Riding Metro-North. With Kvetch.

man spreader

Friday, November, 13th.

Morning Paper.

“Confiscated glitter spray at airport security…Mouldy bread…No caffeinated coffee…Cannot find simple persian rugs with cherub imagery…Lack of free time…Horrors of luxury travel…Mediocre meals…Rude customer service…The obnoxious guy at the next table…The Talkative taxi cab driver…A hostile airline ticket clerk…The interminable security line…The malodorous seatmate and crying baby.”  Teddy Wayne, the author, continues in The Microcomplaint: Nothing Too Small to Whine About.  “It was once considered unbecoming, or annoying itself, to moan publicly about trifling personal ordeals. Now, in a seismic shift for the moral culture, abetted by technology, we tolerate and even encourage the “microcomplaint”: the petty, petulant kvetch about the quotidian.”

I finish the article and mumble my POV: Micro b*tches and then tweet or blog the h*ll out of them.  Can you believe these people? Grab a six-pack of perspective people!

Wednesday, November 18th.

5:40 a.m. Metro North to Grand Central.
Train whistle blows as it approaches.
I’m assessing the passenger load as the train cars pass. 5:40 and jammed.

There’s a single aisle seat open in a two seater.
My seat mate doesn’t raise his head from his magazine.
His oversized backpack sits on the floor between his legs.
His legs, spread wide, encroach. A Manspreader! In My Space.

I sit.
He does not move or acknowledge me.
His right leg leans heavily on my left.
I inhale a whiff of disinfectant-urine mix.  Ah, yes. The Public Toilet is one seat up.

I reach down into my bag to grab my Reader and lean in ever so slightly.
Smoke signal Mate. Smoke signal.
He does not move.

I turn to feign a glance out the window and lean heavily back.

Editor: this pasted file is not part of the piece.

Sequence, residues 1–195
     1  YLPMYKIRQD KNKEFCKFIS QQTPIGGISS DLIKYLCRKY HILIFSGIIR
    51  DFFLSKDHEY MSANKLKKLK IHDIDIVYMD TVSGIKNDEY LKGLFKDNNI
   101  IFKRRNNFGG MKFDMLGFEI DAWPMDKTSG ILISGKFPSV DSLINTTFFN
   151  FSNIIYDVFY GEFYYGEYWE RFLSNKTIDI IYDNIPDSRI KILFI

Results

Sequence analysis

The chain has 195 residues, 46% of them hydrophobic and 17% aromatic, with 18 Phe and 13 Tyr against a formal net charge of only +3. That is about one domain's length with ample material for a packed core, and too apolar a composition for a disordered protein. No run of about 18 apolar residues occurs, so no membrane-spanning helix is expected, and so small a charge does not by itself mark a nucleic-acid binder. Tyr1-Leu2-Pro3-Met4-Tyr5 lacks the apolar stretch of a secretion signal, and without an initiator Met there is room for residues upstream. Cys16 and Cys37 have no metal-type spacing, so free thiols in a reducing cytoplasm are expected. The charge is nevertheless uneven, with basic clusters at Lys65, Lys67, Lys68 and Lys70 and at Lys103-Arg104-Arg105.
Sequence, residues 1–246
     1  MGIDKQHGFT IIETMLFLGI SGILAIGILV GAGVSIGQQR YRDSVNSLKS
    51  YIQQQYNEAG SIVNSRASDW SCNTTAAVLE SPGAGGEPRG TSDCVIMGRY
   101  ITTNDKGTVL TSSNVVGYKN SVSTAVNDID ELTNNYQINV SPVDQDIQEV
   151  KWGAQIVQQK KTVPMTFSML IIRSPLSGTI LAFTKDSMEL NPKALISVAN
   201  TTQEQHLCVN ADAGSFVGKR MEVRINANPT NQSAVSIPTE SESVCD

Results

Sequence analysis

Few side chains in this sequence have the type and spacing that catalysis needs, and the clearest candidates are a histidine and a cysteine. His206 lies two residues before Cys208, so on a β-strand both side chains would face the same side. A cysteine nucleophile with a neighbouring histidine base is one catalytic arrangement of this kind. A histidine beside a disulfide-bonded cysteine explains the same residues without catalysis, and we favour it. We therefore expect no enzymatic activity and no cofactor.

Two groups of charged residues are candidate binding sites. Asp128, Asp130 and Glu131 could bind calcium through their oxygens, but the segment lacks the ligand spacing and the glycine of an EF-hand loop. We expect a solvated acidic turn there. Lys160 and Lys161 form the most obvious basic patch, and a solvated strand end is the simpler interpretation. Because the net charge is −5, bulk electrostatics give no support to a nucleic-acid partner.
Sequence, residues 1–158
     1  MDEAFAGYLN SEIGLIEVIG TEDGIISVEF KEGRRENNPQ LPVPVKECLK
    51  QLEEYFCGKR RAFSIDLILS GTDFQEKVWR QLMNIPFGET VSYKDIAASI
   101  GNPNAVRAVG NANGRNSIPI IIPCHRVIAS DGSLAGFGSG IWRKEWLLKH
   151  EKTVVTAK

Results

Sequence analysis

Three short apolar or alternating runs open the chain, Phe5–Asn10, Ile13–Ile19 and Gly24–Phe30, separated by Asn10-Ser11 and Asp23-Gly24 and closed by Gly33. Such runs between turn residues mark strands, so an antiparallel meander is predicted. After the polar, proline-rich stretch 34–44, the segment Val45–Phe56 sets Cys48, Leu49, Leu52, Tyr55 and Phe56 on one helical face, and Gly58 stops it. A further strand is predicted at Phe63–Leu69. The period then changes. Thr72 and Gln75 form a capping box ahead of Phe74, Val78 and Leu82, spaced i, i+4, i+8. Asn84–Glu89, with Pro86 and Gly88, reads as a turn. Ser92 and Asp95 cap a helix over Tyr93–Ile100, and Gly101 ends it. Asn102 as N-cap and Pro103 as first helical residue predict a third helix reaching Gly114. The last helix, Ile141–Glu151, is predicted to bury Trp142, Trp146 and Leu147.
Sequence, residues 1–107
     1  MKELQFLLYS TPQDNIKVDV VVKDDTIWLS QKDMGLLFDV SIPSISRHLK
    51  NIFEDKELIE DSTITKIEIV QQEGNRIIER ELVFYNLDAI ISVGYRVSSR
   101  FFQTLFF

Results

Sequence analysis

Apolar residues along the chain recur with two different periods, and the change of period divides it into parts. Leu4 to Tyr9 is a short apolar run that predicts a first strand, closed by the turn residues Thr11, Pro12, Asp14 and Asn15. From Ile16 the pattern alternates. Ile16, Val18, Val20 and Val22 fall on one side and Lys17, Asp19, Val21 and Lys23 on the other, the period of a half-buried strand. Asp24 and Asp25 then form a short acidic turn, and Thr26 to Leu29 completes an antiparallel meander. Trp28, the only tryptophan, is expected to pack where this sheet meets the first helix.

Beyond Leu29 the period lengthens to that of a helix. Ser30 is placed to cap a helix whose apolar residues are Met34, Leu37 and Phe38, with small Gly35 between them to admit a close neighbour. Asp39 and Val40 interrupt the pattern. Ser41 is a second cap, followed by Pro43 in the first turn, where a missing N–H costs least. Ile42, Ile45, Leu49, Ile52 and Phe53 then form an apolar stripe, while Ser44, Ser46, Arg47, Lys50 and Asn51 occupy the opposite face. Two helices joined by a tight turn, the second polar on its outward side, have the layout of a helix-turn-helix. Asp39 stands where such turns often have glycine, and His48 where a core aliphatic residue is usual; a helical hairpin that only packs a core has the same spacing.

He does not move.

I assess.
He’s not oversized. Not in weight or in height.
Middle aged. No obvious disability that requires a spreading.

He finishes his magazine.
He spreads his legs wider to reach into his bag for his smartphone.
And then surfs.

It can’t be. Could it be that he’s actually widened his manspreading and his lean-in?
I shift left into him, and then shift right and away.
He feels the counter lean, shifts, but does not eliminate the Man-Leg to Man-Leg contact.

What is this shortness of breath? Claustrophobia?

He pecks out numbers on his cell phone.

“Take-out order please. Light buttered toasted bagel with cream cheese. And a diet coke.”

He pecks out numbers for a second call.  And turns his head to the window to disguise the conversation, which is muffled but echoes through the quiet car.

He’s still leaning in.

Other morning commuters have noticed the breach in the Quiet Car code of conduct with his phone chatter.

I’m now sizing up the merits of confrontation. 15 minutes left in the ride.  Just let it go Man. Let it go. Shift your focus. 

He’s still leaning in.

This is blog worthy. I start taking notes on my iPhone. Bearded, middle aged man with splotches of grey. Brown corduroy pants. Eastern European accent. Coat swings on the hook; it’s a winter down jacket.

He stands up, and jostles me on his way up.  I tap away on my iPhone: He roughly rips off the original plastic wrap on the handle of his backpack and tears the plastic wrap on the wheels. (Odd)